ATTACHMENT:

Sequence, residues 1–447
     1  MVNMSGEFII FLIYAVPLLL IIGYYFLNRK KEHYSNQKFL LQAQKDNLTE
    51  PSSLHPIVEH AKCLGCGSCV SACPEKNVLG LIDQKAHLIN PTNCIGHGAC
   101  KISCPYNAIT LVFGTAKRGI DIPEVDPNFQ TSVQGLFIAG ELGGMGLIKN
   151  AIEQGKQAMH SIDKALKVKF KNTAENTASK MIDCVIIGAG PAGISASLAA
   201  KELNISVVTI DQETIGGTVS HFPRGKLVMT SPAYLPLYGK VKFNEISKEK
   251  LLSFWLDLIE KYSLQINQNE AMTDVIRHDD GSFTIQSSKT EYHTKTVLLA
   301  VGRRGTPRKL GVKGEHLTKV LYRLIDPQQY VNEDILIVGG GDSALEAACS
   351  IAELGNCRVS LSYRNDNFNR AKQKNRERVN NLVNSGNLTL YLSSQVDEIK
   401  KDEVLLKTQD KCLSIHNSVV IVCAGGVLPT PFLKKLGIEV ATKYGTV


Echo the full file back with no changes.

Sequence, residues 1–447
     1  MVNMSGEFII FLIYAVPLLL IIGYYFLNRK KEHYSNQKFL LQAQKDNLTE
    51  PSSLHPIVEH AKCLGCGSCV SACPEKNVLG LIDQKAHLIN PTNCIGHGAC
   101  KISCPYNAIT LVFGTAKRGI DIPEVDPNFQ TSVQGLFIAG ELGGMGLIKN
   151  AIEQGKQAMH SIDKALKVKF KNTAENTASK MIDCVIIGAG PAGISASLAA
   201  KELNISVVTI DQETIGGTVS HFPRGKLVMT SPAYLPLYGK VKFNEISKEK
   251  LLSFWLDLIE KYSLQINQNE AMTDVIRHDD GSFTIQSSKT EYHTKTVLLA
   301  VGRRGTPRKL GVKGEHLTKV LYRLIDPQQY VNEDILIVGG GDSALEAACS
   351  IAELGNCRVS LSYRNDNFNR AKQKNRERVN NLVNSGNLTL YLSSQVDEIK
   401  KDEVLLKTQD KCLSIHNSVV IVCAGGVLPT PFLKKLGIEV ATKYGTV